Cafe Reviewed: Wednesday, April 25, 2002
A D V E R T I S E M E N T
A D V E R T I S E M E N T
Ciao, Baby

U.S. Labor Secretary Elaine Chao pleaded a prior engagement, and the North Texas Chow Chow Club refused to lend out a dog for the afternoon, so homophone-loving Chow, Baby listened to Dallas band Chao on the way to chowing down at Ciao. Accidental simpatico: The ethereal voice of Regina Chellew and the graceful, intricate tunes swirling in Chow, Baby’s head proved a perfect soundtrack for the charming, imaginative restaurant.

Ciao is the new venture of brothers Franco and Bobby Albanese, the brains behind the effervescent Fizzi and the classy-Italian Ruffino’s. They’ve beautifully remade the former outpost of the Amon Carter Museum into a chic, airy space. Pale yellow walls and large windows, framing Bass Hall across the street, made Chow, Baby feel floaty. Green-gray slate tables and sturdy wooden chairs were grounding.

The lunch menu induced sticker shock: The prices are reasonable! (They’re higher at dinner, but not ridiculously so.) Traditional appetizers like insalata Caprese and calamari fritti are in the five-dollar range; for a buck more, there are upscale pizzas like the light, meatless Margarita. Chow, Baby wolfed down Gemelli Siciliana ($8.50) — penne with eggplant and salami in a garlicky marinara sauce — and stole a bite of Shrimp Scampi ($10.95) served with perfectly al dente capellini. Everything was fresh, stylish, and radiant. Chow Yun-Fat would love it.

Peaches to the Converted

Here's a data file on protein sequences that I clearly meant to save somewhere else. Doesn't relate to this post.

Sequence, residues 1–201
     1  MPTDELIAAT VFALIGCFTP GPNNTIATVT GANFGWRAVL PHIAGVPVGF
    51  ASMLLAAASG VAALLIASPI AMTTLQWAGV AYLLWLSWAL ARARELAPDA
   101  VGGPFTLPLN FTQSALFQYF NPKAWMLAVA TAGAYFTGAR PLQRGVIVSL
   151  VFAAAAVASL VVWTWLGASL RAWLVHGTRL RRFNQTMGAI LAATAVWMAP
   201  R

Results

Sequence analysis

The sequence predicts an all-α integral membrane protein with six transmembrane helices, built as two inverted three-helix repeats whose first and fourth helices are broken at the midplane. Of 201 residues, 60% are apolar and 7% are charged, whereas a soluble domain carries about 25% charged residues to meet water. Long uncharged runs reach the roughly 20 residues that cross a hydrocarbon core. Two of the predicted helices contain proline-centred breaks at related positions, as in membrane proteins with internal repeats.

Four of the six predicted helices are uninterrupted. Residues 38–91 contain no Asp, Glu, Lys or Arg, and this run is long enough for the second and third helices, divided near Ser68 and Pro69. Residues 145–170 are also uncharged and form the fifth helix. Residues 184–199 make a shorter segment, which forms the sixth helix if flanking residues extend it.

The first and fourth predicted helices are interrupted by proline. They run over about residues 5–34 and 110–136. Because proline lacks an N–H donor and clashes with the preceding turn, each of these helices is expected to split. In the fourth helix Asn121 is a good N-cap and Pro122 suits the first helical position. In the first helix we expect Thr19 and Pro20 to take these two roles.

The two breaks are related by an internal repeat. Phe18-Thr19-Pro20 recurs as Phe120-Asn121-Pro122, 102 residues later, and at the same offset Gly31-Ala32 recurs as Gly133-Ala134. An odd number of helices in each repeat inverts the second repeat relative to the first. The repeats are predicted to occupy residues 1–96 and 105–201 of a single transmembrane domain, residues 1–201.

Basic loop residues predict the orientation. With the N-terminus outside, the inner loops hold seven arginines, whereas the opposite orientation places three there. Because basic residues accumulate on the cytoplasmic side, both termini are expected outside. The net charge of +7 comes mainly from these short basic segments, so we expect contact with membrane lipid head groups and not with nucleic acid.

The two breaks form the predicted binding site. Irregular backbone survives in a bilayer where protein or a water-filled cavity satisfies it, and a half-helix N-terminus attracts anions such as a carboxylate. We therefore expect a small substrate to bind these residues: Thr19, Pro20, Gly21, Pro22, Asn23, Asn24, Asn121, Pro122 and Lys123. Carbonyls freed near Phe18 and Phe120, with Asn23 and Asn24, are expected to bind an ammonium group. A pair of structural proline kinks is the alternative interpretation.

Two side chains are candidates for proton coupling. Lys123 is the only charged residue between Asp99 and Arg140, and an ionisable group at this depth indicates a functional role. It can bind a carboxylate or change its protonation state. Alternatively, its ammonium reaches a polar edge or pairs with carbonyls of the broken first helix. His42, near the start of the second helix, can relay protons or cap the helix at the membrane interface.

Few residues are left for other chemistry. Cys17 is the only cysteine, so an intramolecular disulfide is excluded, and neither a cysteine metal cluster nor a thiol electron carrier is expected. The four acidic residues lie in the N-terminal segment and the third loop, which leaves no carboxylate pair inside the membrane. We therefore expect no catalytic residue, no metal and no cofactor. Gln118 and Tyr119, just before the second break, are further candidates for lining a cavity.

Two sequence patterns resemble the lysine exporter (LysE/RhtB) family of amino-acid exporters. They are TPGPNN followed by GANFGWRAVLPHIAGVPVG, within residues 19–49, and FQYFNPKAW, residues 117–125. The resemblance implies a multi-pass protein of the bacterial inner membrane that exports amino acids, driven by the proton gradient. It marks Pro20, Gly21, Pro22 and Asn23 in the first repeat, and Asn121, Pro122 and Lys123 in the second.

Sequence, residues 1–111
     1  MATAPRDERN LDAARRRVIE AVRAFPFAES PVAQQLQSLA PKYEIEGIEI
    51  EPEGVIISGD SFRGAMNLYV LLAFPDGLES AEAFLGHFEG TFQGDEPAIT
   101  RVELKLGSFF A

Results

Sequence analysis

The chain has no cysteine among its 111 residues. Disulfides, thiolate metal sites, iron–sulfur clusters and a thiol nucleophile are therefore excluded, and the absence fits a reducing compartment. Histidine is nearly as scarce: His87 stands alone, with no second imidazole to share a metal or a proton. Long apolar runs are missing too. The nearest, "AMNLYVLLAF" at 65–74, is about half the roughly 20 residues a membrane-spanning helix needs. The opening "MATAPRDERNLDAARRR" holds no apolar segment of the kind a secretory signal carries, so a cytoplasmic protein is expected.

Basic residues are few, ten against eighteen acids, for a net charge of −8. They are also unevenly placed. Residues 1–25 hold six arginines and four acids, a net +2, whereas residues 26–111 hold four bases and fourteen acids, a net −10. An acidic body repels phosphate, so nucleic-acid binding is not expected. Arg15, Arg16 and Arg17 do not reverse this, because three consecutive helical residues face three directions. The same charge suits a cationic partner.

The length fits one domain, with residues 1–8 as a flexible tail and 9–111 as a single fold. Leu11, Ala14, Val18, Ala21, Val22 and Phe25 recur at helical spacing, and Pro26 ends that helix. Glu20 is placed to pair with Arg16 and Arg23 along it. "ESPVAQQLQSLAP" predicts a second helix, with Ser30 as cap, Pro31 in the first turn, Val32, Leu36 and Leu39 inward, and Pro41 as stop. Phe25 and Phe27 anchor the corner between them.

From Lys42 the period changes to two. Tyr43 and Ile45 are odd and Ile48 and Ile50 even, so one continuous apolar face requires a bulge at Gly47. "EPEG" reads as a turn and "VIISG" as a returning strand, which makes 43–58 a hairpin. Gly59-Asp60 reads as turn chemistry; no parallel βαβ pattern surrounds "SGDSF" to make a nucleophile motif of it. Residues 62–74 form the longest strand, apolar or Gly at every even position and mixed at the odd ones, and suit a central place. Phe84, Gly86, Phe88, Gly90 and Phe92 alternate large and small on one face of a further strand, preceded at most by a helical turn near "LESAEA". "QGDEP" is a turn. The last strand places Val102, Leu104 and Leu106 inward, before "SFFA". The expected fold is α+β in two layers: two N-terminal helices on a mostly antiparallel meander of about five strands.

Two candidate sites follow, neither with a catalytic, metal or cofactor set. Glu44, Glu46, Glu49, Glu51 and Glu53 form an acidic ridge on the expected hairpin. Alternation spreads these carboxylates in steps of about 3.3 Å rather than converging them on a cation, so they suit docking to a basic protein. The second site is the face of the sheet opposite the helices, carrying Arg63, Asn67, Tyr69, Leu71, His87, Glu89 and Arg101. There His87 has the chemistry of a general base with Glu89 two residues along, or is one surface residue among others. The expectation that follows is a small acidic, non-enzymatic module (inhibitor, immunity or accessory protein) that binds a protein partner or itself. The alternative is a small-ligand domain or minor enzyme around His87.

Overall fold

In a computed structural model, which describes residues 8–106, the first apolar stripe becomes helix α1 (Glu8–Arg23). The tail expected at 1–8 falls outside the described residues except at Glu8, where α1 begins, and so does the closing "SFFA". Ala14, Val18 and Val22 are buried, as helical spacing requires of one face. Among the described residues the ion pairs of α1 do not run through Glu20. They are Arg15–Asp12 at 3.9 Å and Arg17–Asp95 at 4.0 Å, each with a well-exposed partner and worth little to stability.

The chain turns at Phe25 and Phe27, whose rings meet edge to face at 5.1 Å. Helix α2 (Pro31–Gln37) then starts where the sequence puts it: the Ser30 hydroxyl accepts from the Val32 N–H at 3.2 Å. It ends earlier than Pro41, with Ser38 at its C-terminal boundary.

Confused by last week’s mini-heat wave, photosensitive Chow, Baby thought late May had arrived early and stopped off at Ridgmar Farmers Market, across Hwy. 183 from Ridgmar Mall, for some Parker County peaches. Sadly, there’re still weeks to go before them babies are perfectly ripe and juicy. Chow, Baby filled its basket instead with real cane-sugar Dr Pepper, a whimsical wooden sign that read “Don’t Stand Behind a Coughing Cow,” a bag of organic bat guano, bottled water from Keller (who knew?), and a lifetime supply of homey-looking salsas, relishes, and jams. One-stop shopping!

Ridgmar Farmers Market Café, home of Cowtown Bar-B-Q, is a haven for wilting shoppers. Chow, Baby, who in a fit of childish pique many years ago, vowed that as an adult it would eat dessert first and then see if it had room for vegetables, filled up on homemade banana pudding and chocolate cake (99¢ each). Next course was crisp and tender Friday-special fried catfish ($5), served with a choice of two typical barbecue sides. Make sure one is Lynn’s Potato Salad. Chow, Baby also sampled the barbecue sandwiches ($1.95-3.25). Sliced or chopped, beef or pork, all were tangily scrumptious. The Café also sells meat by the pound and sides by the quart, for those with Chow, Baby-sized appetites — or a whole lot of shopping left to do.


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